That is also why Eaton is free to state that she had “disdain” for Masterpiece. She apparently felt superior to proles in commercial television, as her condescending description implies. That is why Eaton declares taking the helm of the most prestigious program on American television at that time  “would mean becoming an administrator, a manager of other people’s work, rather than a ‘creative’ person who actually made programs.”  For Eaton knew, and everyone at PBS knew, that in 1985, Mobil made Masterpiece Theatre programs with its British partners. WGBH was just a delivery service. She didn’t want the job, she says, and I believe her. Luckily, her then-husband pressured her to take the position. When Eaton applied to Henry Becton, she says that she had been the only person on the station’s shortlist who read The Mill on the Floss.  What does that say about the educational level at an American PBS station in 1985? Not much.

Eaton’s remarkable disdain continues to be expressed in her description of meeting Frank Marshall, a former Xerox speechwriter turned public relations consultant, who owned the trademark Masterpiece Theatre at one point (he later turned it over to Mobil, which eventually turned it over to WGBH). She slams Marshall as a “consigliere” (a Mafia term from The Godfather) to Mobil vice-president Herb Schmertz; describes his Vermont farmhouse as “in the middle of nowhere;” goes into detail about how awful she felt to be considered for the Masterpiece job, and links it to her pregnancy. Now, why would Eaton need to visit the middle of nowhere to see a corporate consultant—unless the consultant had approval rights for personnel hires?  Eaton’s very story establishes that Mobil, as sponsor, was running the show for Masterpiece Theatre at WGBH as late as 1985—not Henry Becton, not WGBH, and not PBS. Mobil had right of approval on personnel.

Which is why Eaton says that she didn’t want the job of executive producer in the first place—working for public broadcasting was, among women of a certain class in America in 1985, “U,” in Nancy Mitford’s terminology. At WGBH, PBS productions meant documentaries like “Frontline” (although a number of those episodes reworked British material). PBS was classy because it was “non-commercial.” Indeed, it was ostensibly above commerce. Such was the legacy of Puritanism in Boston and at PBS. Indeed, the Boston PBS station’s call letters stand for “God Bless Harvard,” a Puritan version of the Tetragrammaton. One could not serve PBS and Mobil, in good conscience; for PBS was doing God’s work, while Mobil was doing Mammon’s. 

Yet Eaton's story of bureaucratic and personal drift and disarray at Masterpiece Theater after Exxon Mobil discontinued funding in 1994, in what might be called its disassociated state, evidences that Mobil's corporate sponsorship made possible, and Viking Cruises and Ralph Lauren may continue to insure, that Masterpiece Theatre remains a Masterpiece of American television.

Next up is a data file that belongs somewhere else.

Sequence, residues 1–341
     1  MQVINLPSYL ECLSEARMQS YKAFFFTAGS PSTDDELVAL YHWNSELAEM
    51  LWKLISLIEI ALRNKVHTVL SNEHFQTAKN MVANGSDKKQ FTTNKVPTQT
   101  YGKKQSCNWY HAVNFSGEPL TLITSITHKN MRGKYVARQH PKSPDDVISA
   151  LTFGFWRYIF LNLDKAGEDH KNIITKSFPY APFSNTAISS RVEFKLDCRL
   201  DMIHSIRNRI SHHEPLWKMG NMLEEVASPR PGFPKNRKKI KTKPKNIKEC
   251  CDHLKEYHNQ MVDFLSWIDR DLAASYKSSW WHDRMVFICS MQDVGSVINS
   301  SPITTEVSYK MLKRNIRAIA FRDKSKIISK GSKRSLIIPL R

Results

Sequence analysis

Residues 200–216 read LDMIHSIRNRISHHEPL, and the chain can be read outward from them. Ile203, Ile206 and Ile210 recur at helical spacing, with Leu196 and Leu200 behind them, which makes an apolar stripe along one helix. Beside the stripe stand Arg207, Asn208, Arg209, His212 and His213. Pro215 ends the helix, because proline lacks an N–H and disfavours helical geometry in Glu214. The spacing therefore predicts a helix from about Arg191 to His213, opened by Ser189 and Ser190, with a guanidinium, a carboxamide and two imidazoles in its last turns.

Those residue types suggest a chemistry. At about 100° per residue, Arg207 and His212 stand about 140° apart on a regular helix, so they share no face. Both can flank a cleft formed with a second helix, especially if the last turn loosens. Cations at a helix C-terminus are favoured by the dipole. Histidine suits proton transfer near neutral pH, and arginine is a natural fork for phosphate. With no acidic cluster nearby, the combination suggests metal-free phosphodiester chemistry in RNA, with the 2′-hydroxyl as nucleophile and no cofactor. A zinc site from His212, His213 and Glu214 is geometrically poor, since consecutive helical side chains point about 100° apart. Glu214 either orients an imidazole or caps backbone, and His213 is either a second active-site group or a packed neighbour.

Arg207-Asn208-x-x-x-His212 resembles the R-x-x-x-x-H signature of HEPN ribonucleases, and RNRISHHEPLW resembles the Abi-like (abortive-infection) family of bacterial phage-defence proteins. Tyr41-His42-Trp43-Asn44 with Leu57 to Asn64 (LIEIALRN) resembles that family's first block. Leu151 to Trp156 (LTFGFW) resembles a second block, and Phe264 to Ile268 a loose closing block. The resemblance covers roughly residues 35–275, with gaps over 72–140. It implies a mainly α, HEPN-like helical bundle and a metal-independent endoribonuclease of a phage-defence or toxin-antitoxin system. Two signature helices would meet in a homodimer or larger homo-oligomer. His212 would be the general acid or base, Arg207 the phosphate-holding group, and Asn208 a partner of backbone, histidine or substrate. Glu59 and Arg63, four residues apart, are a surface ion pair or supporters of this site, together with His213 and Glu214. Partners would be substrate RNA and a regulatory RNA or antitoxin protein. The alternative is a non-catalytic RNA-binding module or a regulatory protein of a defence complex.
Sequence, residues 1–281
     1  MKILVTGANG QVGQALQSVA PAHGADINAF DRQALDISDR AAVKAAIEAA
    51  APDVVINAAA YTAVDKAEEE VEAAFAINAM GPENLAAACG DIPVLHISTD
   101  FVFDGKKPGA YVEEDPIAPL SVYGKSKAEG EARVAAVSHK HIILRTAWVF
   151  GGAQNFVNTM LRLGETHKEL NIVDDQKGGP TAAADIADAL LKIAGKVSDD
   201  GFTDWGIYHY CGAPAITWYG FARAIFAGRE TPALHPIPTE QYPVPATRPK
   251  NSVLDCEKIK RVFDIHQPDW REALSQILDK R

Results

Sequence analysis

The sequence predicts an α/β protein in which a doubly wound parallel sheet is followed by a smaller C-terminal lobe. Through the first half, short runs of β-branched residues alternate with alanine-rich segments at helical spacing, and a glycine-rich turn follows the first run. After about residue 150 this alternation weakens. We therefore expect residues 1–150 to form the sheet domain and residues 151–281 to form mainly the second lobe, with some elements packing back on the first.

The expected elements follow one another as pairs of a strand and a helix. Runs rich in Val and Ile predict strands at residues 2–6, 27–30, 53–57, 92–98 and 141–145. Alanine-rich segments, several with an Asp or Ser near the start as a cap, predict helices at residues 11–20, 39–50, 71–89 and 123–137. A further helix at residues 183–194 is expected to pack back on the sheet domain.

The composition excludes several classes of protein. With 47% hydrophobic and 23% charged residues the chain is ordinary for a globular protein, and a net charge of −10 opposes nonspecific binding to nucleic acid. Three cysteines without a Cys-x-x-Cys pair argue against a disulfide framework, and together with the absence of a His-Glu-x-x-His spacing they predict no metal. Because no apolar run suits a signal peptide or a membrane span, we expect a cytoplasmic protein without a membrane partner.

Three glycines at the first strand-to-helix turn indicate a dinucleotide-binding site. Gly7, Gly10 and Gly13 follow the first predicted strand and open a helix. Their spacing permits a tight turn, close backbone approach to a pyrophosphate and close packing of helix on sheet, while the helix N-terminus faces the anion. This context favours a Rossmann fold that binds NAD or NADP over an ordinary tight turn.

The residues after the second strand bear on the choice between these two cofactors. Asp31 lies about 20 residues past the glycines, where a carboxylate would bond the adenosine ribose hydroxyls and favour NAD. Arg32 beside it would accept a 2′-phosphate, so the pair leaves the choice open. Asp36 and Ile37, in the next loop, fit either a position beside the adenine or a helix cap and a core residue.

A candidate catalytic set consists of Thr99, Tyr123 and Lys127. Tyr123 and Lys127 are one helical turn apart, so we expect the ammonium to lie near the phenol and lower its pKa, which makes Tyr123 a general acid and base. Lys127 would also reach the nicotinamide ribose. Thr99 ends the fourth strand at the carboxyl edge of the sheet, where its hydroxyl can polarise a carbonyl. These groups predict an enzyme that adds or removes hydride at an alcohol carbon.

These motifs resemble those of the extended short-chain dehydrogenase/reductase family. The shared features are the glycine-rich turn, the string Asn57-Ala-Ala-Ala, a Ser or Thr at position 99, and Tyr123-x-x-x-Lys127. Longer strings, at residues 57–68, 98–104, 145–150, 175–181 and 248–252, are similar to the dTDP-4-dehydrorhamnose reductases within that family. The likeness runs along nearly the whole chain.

Monday, February 17, 2014

Pam Geller On The Pussies Behind Pussy Riot

I have a real challenge for these brave femmes: Stage a protest in a mosque. Protest clitoridectomies, honor killings, child marriage, forced marriage, women as and chattel. Then let’s see how many of their new friends they have at the end of the day. If Pussy Riot protested inside, say, the Blue Mosque, singing songs calling on Muhammad’s six-year-old wife Aisha to remove President Vladimir Putin from office, would the world be petting and fĂȘting the felines?
They would have been destroyed, smeared, banned. But they protested in a cathedral, so they are worshiped. That was enough to make them become overnight the darlings of the West.

Read more at http://mobile.wnd.com/2014/02/pussy-riot-fever-infects-u-s/#CDsymKqogZ16MXrv.99

Monday, February 03, 2014

Mark Steyn on Barry Rubin

From SteynOnline:
Barry Rubin, a great strategic thinker and cartographer of the emerging post-American world, died today in Tel Aviv. I read him regularly and cited him in After America re the collectively insane urge of almost everyone Nidal Hasan encountered as he wafted upwards through the US Army to look the other way and not see what was staring them in the face:
As the writer Barry Rubin pointed out, Major Hasan was the first mass murderer in US history to give a PowerPoint presentation outlining the rationale for the crime he was about to commit. And he gave it to a roomful of fellow army psychiatrists and doctors - some of whom glanced queasily at their colleagues, but none of whom actually spoke up. And, when the question of whether then Captain Hasan was, in fact, "psychotic", the policy committee at Walter Reed Army Medical Center worried "how would it look if we kick out one of the few Muslim residents".
I remember when I read Rubin's line about the PowerPoint presentation. Many of us had been groping in the same direction, but he was the one who came up with the perfect, piercing image for the madness that was going on. He did that a lot, right up to the end. Rest in peace.